Blessed are they who hope in the Lord.
He is like a tree planted near running water, that yields its fruit in due season, and whose leaves never fade. Whatever he does, prospers.
Blessed are they who hope in the Lord.
Not so the wicked, not so; they are like chaff which the wind drives away. For the LORD watches over the way of the just, but the way of the wicked vanishes.
Blessed are they who hope in the Lord.

2nd Reading - 1 Corinthians 15:12,16-20

Today’s second reading continues the teaching we heard last week on the resurrection of the dead. Last week we heard the creed of the Church: Christ died for us, He was buried, He rose on the third day.
Christ’s resurrection is the crowning event of salvation history and man’s victory over sin, Satan, and death. As Adam brought death, Christ brings resurrection from the dead.
The Christian is incorporated into Christ by baptism and shares in His risen life. This final fruit of redemption in Christ will be realized for the Christian at the Lord’s parousia when the dead rise in their glorified bodies.
12 But if Christ is preached as raised from the dead, how can some among you say there is no resurrection of the dead? 16 For if the dead are not raised, neither has Christ been raised,
Saint Paul draws a conclusion concerning a specific individual, Christ. The sense of the Corinthian claim must be that there is no such thing as resurrection from the dead; it was not part of God’s plan for humanity.
“How grave an offense it is not to believe in the resurrection of the dead. If we do not rise again, Christ died in vain and did not rise again. For if He did not rise for us, He did not rise at all, because there is no reason why He should rise for Himself.” [Saint Ambrose (A.D. 378), The Death of His Brother Satyrus 2,103]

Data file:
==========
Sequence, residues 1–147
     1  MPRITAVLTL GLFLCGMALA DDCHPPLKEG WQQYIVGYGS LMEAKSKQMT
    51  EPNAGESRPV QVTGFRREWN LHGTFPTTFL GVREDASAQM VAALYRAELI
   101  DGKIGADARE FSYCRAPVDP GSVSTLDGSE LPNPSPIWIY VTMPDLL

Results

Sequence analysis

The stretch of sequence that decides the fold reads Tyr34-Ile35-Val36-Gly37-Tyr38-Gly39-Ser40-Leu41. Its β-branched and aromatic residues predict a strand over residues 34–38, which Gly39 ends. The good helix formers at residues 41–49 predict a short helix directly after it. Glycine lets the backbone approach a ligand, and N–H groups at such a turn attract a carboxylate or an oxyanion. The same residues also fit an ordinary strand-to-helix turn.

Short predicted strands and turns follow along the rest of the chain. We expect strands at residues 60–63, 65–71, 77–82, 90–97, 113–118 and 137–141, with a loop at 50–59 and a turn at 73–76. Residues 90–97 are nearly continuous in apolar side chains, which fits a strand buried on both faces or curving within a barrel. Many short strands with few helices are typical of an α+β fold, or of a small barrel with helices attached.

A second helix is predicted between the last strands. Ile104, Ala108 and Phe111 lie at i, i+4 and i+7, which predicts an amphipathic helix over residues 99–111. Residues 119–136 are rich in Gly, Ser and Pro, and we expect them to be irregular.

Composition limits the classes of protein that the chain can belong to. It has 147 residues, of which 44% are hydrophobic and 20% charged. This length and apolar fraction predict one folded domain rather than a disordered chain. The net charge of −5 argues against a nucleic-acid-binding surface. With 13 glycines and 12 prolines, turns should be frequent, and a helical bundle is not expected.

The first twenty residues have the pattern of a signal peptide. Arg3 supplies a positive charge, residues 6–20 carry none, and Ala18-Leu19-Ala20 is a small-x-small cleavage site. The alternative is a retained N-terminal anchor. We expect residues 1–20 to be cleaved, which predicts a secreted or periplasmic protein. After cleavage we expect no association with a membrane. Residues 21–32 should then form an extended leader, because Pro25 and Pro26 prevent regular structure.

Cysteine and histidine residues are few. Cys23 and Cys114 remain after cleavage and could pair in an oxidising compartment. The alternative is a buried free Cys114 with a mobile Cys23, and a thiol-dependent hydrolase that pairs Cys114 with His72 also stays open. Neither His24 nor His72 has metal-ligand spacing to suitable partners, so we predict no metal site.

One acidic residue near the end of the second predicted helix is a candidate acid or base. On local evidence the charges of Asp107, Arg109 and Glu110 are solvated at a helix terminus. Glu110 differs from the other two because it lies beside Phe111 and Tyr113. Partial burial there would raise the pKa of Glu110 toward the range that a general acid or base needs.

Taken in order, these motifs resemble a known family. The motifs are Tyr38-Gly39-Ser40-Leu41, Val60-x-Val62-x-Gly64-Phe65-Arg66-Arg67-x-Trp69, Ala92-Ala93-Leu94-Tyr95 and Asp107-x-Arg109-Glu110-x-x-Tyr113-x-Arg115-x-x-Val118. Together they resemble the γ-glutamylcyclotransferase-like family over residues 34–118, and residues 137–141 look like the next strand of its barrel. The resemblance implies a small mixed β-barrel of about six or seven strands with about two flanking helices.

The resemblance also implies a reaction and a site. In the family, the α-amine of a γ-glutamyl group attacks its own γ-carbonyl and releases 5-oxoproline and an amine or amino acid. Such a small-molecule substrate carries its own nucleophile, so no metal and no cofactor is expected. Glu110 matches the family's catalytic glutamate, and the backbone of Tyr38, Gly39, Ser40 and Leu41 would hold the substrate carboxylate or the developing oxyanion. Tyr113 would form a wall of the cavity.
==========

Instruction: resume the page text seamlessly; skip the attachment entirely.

17    and if Christ has not been raised, your faith is vain;  
If Christ had not risen, then their faith is based on a falsehood. The apostles would be false witnesses and their preaching valueless.  
 you are still in your sins.  
The sin of Adam and the sin of the golden calf has not been forgiven and there is no possibility of having individual sins forgiven and forgotten.
“If Christ did not rise again, neither was He slain, and if He was not slain, our sins have not been taken away. If our sins have not been taken away, we are still in them, and our entire faith is meaningless.” [Saint John Chrysostom (ca. A.D. 392), Homilies on the First Epistle to the Corinthians 39,4]
18    Then those who have fallen asleep in Christ have perished.  
If there is no resurrection, then death is final.
19    If for this life only we have hoped in Christ, we are the most pitiable people of all.  
If there is no resurrection, Christians have false faith and are fools.
20    But now Christ has been raised from the dead,